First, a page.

After an eternity a few minutes my breathing slowed down a bit and Rob fed me a salt pill and some snacks. My body temp was dropping from the stress so he had me put on all my layers and we very slowly started the climb to the ridge. The EMT responded that he would come out to us and take over for Rob, and it seemed like he materialized out of thin air he got there so fast. As Rob turned to go on ahead, I asked him to please tell Kev not to wait for me, I was sure he was close to the cutoff as it was. He nodded and took off, and then EMT Reagan and I had the 3.75 mile trek to get to AS5 and an albuterol treatment.
Poor Reagan rushed so badly he didn’t think to bring regular shoes, so he was walking his mountain bike in his clip shoes the whole way out. Sorry, Reagan! It was slow, we saw the last few runners heading back toward us and the last 16 miles of the race, and we moved aside and cheered them all on. I took a seated break every few minutes and Reagan laughed at me because I kept getting worked up that “I totally could have run this if I could’ve just made it the ridge”….ya, probably not. Kev ran by and was now holding the coveted DFL title. We hugged, and I told him to give the rest of the course hell for me.
When we arrived at the truck Reagan’s first order of business was to check my O2 level which was well below the average (you want 95-100% blood oxygen saturation. My was below 80%). Supplemental oxygen and an albuterol treatment later, and I took the first deep, refreshing, mountain air breath in many hours! We drove back to the start/finish area where my husband was waiting. I called and told him I missed the cutoff and to meet me there, leaving out the other stuff so as not to make him worry. When he saw me hop out of the mountain EMT vehicle he shook his head and smiled at me…what happened? Where’s Kev?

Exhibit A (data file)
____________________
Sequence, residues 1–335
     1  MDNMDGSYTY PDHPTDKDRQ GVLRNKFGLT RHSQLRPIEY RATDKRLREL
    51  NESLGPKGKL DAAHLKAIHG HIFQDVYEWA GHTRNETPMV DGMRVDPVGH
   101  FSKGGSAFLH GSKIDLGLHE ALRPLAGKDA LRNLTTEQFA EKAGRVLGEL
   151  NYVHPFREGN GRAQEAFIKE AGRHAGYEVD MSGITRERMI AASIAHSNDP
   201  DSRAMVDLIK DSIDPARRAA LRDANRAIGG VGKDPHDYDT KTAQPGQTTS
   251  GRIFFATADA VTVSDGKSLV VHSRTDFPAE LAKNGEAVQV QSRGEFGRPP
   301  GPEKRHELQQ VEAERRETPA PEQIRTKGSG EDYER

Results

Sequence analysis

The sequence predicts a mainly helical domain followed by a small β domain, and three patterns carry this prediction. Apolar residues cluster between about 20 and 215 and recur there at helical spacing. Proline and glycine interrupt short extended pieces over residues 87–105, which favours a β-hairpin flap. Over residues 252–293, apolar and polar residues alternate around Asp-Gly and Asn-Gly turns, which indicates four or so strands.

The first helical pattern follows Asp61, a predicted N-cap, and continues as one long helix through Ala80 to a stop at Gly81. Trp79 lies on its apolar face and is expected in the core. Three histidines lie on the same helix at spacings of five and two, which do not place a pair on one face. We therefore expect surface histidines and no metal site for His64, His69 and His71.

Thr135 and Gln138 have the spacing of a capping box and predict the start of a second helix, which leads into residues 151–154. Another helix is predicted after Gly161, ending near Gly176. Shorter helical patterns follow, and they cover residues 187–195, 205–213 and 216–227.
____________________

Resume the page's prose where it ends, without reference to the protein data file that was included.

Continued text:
I got some hot food in me as I relayed the tale of my first DNF and then headed off to the showers to get clean and cry. Back in warm clothes we grabbed a beer and waited at the finish for Kev. He finished DFL, bringing it in strong with Sweeper Rob in 17:05! Congrats, dude!
Having my first DNF was hard, having to be evac’d for a medical emergency was scary, and not getting to truly put my training to the test was devastating. But, I learned a lot of things about mountain safety, listening to my body, and making tough decisions when in the backcountry. I will definitely be coming back for this race in the future, as well as some of the other events alpine running puts on…they are great! The AS’s were very well-stocked and the volunteers stoked, friendly, and competent at helping the runners. The start/finish had great food and beer, and the RD’s personally were there to hand each finisher their award. They were also so so kind and checked up on me once I came in and continually while I waited for Kev to finish.
If you have an allergy or any medical condition, regardless of severity, take the extra time and care (and weight) to carry whatever information to alert others or medications you might need as a precaution! I will never run another race without my inhaler in my pack or vest. Health and safety are paramount during any mountain adventure!
Lonesome Lake
Between AS1 and 2. Photo by Kyle Meck